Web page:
SAINT LAUNOMAR'S COW
AINT LAUNOMAR had once been a shepherd boy in the meadows
of sunny France, and had lived among the
gentle creatures of the fold and byre. So he understood them
and their ways very well, and they knew him for their
friend. For this is a secret which one cannot keep from the
animals whose speech is silent.
Saint Launomar had a cow of whom he
was fond, a sleek black and white beauty,
who pastured in the green meadows of
Chartres near the monastery and came home
every evening to be milked and to rub her
soft nose against her master's hand, telling
him how much she loved him. Mignon was
a very wise cow; you could tell that by the
curve of her horns and by the wrinkles in her
forehead between the eyes; and especially by
the way she switched her tail. And indeed,
a cow ought to be wise who has been brought
up by a whole monastery of learned men,
with Launomar, the wisest person in all the
country, for her master and friend.
 It was a dark night after milking time;
Launomar had put Mignon in her stall with
a supper of hay before her, and had bade her
good-night and a pleasant cud-time. Then
he had shut the heavy barn door and had
gone back to his cell to sleep soundly till
But no sooner had his lantern disappeared
through the gate of the monastery, than out
of the forest came five black figures, creeping,
creeping along the wall and across the yard
and up to the great oak door. They were all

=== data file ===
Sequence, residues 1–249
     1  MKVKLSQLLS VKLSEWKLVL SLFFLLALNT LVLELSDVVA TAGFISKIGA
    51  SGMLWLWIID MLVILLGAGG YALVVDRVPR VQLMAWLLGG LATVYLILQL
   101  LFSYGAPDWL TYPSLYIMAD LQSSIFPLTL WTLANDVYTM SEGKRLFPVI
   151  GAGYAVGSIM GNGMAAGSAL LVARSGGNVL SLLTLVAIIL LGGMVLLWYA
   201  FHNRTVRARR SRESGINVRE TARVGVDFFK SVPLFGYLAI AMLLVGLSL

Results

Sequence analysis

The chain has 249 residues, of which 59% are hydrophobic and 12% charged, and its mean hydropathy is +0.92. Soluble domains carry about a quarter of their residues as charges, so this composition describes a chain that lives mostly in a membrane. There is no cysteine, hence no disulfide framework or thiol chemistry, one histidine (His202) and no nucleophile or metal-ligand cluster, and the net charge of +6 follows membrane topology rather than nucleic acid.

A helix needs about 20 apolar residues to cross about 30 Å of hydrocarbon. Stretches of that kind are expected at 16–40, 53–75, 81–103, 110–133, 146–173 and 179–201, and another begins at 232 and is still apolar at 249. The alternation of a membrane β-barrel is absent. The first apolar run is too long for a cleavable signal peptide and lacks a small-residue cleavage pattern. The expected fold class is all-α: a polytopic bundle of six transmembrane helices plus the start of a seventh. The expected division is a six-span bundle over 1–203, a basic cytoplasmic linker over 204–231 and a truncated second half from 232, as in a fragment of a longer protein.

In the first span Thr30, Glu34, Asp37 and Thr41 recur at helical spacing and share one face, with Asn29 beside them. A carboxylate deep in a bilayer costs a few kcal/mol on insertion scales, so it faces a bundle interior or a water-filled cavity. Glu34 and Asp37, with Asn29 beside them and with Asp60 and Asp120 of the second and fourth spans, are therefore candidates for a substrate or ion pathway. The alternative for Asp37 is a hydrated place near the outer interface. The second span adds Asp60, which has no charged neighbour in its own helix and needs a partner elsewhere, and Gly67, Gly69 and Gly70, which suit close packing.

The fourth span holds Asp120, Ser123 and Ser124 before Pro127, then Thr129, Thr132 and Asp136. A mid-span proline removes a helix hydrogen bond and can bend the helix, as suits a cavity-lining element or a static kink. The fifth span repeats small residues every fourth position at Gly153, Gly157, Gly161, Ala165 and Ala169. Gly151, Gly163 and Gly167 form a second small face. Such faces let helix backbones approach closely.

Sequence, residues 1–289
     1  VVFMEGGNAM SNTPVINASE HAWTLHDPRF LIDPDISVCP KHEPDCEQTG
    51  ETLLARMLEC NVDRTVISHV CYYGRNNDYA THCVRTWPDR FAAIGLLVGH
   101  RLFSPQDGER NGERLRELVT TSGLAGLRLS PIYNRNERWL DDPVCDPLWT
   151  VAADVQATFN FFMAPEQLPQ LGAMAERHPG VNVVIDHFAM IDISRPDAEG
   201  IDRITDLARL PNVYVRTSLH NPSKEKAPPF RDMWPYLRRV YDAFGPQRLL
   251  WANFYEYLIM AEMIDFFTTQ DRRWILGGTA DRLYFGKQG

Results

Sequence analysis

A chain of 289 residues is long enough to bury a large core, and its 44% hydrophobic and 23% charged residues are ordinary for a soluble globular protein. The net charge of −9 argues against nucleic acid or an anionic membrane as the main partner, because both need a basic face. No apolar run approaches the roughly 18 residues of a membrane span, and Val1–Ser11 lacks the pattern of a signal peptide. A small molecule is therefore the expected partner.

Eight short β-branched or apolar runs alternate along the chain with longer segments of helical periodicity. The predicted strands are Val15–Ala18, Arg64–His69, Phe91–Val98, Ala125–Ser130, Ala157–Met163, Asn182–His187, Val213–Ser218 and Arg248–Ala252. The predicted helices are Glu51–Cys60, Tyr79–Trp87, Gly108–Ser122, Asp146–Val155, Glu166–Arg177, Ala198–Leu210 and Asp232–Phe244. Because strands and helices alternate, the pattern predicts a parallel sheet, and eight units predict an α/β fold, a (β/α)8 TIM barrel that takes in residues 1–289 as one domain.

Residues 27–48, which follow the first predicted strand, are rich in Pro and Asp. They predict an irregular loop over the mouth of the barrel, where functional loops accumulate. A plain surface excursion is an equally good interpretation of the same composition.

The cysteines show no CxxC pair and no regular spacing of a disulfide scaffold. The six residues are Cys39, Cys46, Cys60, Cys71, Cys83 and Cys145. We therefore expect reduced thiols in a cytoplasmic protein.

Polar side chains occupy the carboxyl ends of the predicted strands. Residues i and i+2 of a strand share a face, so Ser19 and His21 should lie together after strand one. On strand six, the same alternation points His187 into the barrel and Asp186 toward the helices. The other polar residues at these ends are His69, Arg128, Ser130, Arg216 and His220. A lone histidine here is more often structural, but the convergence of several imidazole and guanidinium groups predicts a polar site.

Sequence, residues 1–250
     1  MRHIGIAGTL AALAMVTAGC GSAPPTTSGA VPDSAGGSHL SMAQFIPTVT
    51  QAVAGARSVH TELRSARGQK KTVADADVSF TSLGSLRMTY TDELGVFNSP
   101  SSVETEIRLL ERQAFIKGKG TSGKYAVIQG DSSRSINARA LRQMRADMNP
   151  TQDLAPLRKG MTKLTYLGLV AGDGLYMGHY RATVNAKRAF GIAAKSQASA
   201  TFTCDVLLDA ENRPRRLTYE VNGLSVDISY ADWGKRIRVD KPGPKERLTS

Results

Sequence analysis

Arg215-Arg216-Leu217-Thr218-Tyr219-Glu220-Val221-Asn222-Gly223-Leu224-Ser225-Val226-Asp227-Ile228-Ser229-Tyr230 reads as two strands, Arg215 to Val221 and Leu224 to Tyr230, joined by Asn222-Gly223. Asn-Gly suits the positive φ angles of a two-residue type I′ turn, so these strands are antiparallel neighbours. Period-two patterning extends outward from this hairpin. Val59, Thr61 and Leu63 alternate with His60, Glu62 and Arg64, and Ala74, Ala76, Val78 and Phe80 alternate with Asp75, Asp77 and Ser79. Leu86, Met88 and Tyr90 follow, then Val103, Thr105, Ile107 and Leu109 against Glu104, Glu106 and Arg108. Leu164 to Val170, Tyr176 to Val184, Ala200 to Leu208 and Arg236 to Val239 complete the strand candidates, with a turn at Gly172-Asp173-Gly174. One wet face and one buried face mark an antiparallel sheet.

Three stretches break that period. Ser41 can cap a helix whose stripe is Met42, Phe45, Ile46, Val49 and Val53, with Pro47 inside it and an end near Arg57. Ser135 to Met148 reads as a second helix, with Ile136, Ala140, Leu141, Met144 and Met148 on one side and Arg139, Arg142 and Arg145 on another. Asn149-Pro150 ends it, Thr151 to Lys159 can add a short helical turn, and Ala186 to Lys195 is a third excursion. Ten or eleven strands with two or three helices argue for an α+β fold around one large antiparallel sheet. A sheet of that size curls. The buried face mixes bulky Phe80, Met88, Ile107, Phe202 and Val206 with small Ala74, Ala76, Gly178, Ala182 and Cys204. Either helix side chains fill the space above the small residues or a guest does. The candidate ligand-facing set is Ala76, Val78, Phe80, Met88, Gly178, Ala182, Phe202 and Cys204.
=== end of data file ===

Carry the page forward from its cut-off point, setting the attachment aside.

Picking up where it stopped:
muted in long black cloaks, and wore their
caps pulled down over their faces, as if they
were afraid of being recognized. They were
wicked-looking men, and they had big knives
stuck in their belts quite convenient to their
hands. It was a band of robbers; and they
had come to steal Launomar's cow, who was
known to be the handsomest in all that part
of the world.
Very softly they forced open the great
door, and very softly they stole across the
floor to Mignon's stall and threw a strong
halter about her neck to lead her away. But
first they were careful to tie up her mouth
 a piece of cloth so that she could not low
and tell the whole monastery what danger
she was in. Mignon was angry, for that was
just what she had meant to do as soon as she
saw that these were no friends, but wicked
men who had come for no good to her or to
But now she had to go with them dumbly,
although she struggled and kicked and made
all the noise she could. But the monks were
already sound asleep and snoring on their
hard pallets, and never suspected what was
going on so near to them. Even Launomar,
who turned over in his sleep and murmured,
"Ho, Mignon, stand still!" when he dimly
recognized a sound of kicking,—even Launomar
did not waken to rescue his dear